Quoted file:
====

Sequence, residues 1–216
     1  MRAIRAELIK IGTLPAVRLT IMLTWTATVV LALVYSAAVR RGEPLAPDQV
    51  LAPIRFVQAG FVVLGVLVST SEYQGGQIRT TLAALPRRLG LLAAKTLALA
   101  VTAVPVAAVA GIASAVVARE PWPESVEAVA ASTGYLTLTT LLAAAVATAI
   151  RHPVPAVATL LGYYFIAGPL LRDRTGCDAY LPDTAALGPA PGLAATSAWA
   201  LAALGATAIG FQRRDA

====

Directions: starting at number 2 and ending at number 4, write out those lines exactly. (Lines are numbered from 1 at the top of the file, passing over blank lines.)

     1  MRAIRAELIK IGTLPAVRLT IMLTWTATVV LALVYSAAVR RGEPLAPDQV
    51  LAPIRFVQAG FVVLGVLVST SEYQGGQIRT TLAALPRRLG LLAAKTLALA
   101  VTAVPVAAVA GIASAVVARE PWPESVEAVA ASTGYLTLTT LLAAAVATAI